While the number of players CR7 has given a torrid afternoon rivals the number of women he’s given slightly more pleasurable evenings, there is one player in particular who will feel the most anger towards the Portuguese phenomenon.
Robson de Souza, aka Robinho, went from Pele’s heir apparent (a role now taken by Neymar) to being kept out of the Milan team by Adel Taarabt. The most high profile thing he did last year was an heartfelt denial that he had raped an 18 year old student on Youtube.
Where did it all go wrong for the one-time British transfer record holder? For me, the die was cast on 12/8/2003, when Sir Alex Ferguson added to his summer purchases of Eric Djemba-Djemba, David Bellion and Tim Howard with the £12.6m transfer of an 18 year old called Cristiano Ronaldo.
Once Upon a Time in London; Sorry, Manchester
There was Robinho attending a press conference. Listen to what he said:
It’s not like he mistaken City for United – that would have been an acceptable mistake. He was only thinking about signing with Felipe Scolari’s Chelsea at the time. This is the truth. After leaving the club he admitted it. But would it have made any difference?
The Real Deal
Millions could make an individual thing different, but he was going to receive a huge wage anywhere he’d went, or even if he stayed at Real Madrid.
So why did he leave Santiago Bernabeu anyway?
“The club was trying to sign a player (Cristiano Ronaldo) and they didn’t appear to care about me.”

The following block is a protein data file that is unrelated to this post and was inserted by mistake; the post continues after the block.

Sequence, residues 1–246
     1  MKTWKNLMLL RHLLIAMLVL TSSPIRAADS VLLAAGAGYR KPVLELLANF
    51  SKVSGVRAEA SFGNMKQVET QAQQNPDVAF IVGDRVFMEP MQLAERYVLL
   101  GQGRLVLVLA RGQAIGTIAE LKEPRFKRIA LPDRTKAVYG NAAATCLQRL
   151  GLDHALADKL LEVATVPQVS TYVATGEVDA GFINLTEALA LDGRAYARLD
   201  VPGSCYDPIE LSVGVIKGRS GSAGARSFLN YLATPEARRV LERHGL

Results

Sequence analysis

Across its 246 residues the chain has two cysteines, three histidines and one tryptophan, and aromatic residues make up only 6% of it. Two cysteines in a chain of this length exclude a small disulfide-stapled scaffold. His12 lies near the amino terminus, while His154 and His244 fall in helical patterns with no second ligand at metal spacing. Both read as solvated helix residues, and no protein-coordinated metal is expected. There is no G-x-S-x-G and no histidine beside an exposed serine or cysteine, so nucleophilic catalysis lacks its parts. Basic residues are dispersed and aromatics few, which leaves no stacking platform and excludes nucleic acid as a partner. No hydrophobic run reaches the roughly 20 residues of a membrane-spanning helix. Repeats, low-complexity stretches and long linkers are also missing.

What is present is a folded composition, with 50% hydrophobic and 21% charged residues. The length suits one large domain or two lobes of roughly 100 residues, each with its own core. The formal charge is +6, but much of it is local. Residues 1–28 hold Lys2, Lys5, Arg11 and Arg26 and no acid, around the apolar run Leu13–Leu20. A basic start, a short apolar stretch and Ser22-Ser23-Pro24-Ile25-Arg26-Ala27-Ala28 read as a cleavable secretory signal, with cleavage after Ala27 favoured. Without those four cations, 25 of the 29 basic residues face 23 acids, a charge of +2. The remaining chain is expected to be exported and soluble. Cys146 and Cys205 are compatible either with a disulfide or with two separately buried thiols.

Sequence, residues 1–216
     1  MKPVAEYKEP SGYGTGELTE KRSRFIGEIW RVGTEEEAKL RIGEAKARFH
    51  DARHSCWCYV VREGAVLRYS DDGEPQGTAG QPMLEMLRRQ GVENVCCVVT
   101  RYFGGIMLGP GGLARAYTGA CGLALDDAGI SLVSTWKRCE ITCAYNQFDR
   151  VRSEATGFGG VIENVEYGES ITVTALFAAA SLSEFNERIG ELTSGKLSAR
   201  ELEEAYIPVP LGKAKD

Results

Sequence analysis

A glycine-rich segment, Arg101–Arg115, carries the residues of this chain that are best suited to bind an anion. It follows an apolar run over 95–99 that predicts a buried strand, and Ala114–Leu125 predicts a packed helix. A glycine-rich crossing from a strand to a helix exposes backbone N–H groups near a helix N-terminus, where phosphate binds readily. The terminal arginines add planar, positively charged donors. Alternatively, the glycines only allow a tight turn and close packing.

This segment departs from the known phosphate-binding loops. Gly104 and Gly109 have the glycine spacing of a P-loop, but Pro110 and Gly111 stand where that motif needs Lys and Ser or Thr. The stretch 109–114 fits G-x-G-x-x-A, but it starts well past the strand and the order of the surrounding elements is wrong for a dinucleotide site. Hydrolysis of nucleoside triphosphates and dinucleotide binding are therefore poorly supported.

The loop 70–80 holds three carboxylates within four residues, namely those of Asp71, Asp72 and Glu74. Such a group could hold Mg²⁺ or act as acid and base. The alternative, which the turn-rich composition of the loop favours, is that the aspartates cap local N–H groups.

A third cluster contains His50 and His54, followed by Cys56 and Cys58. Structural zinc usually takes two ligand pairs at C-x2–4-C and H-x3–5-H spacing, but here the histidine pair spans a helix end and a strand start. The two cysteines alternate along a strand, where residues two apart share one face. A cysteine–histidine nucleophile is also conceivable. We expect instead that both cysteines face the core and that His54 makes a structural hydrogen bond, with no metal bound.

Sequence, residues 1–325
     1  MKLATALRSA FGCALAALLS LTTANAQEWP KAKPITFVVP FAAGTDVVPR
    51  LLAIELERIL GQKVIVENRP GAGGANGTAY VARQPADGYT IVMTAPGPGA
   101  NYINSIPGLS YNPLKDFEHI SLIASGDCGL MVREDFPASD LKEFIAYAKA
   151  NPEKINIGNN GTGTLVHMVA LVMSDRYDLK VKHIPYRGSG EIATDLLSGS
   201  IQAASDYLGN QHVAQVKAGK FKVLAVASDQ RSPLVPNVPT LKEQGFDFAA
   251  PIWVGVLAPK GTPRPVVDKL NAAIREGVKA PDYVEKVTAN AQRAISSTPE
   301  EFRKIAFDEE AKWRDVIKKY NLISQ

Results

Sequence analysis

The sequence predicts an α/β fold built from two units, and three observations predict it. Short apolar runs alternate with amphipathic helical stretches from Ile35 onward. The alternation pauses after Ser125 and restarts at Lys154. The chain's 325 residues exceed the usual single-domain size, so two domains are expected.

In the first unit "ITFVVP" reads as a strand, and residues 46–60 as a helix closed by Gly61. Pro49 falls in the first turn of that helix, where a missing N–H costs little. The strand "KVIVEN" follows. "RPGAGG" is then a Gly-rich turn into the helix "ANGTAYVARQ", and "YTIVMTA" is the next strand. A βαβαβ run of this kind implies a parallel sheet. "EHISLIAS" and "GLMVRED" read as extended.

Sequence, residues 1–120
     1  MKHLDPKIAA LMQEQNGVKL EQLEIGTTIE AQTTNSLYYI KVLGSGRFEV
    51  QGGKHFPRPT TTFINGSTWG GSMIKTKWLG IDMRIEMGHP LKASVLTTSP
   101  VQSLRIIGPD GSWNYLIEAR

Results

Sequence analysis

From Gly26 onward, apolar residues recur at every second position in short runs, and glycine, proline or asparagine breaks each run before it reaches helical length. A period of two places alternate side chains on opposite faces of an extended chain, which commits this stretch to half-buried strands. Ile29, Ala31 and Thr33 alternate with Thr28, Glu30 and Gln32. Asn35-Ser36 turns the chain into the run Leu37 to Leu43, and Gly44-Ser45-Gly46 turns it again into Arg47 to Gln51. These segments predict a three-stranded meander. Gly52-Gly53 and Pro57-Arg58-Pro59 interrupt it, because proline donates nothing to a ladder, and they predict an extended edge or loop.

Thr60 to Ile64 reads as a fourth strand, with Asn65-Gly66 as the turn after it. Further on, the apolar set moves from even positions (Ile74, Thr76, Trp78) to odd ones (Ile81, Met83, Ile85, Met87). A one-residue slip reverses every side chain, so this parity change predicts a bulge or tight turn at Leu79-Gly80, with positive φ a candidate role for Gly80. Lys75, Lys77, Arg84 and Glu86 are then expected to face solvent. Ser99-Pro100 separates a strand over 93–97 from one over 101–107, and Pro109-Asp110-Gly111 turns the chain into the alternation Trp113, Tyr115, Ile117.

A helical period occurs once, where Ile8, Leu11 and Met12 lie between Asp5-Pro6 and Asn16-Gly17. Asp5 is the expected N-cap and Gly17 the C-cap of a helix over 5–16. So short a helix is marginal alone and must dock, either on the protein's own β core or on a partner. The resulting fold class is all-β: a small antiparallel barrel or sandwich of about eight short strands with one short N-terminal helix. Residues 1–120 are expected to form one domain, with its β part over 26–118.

The public interest shown by the club in signing Cristiano Ronaldo was precisely the main the reasons for his departure.
When The Weather Outside is Frightful
Robinho feels that Manchester is an awful place to live in. He found the climate in Manchester unbearable. Let’s have a look:
Now let’s compare that to Madrid:
I’ll leave Robinho to draw the conclusions on this one: “Manchester is a sensational venue for football but an awful place to live … the winter, the cold and the dark nights. It’s very hard for a young Brazilian.”
The Different Character
Latin Americans tend to learn Spanish or Italian much faster than English or German. Some might even sound native after spending severall years in one of those countries. But how many South Americans have you seen speaking a perfect English?
If you can’t understand and express yourself decently in a city you can’t really be happy, unless you’re strongly motivated by something else. This is what Robinho said during an interview soon after his departure:
“The Premier League is one of the best in the world, without a doubt. The stadiums are always full and the atmosphere is incredible, but not every footballer is able to play in England. The character can be difficult for a foreigner.”
“There was a lack of contact between the players and the club. It was much like an office – to training and goodbye, to a match and goodbye. I am Brazilian and I can’t offer my best performance if I’m not happy in every aspect of life.”
“That was my problem. I am a special footballer and I need to be happy when I’m playing. That was the case at Real Madrid but never at City. Perhaps I should never have left Real Madrid.”
For brazilians, football is much more than just a day job. I hope the video speaks for itself:
Adaptability is surely one of the most important factors when considering a transfer deal.
Get a young flamboyant Brazilian International to England or Germany and you’ve killed him. You know the stories about how they party before and after internation games and so on. If they’re not smiling they just won’t play quality football.
Think about Neymar being brought to a Premier League side. I believe the same would have happened.
It now all seems pretty clear and he realised it, but it’s a bit too late: he shouldn’t have left Real Madrid.
I believe he’s enjoying his 4th spell at Santos, of course, only because he is now in a place having the right climate.
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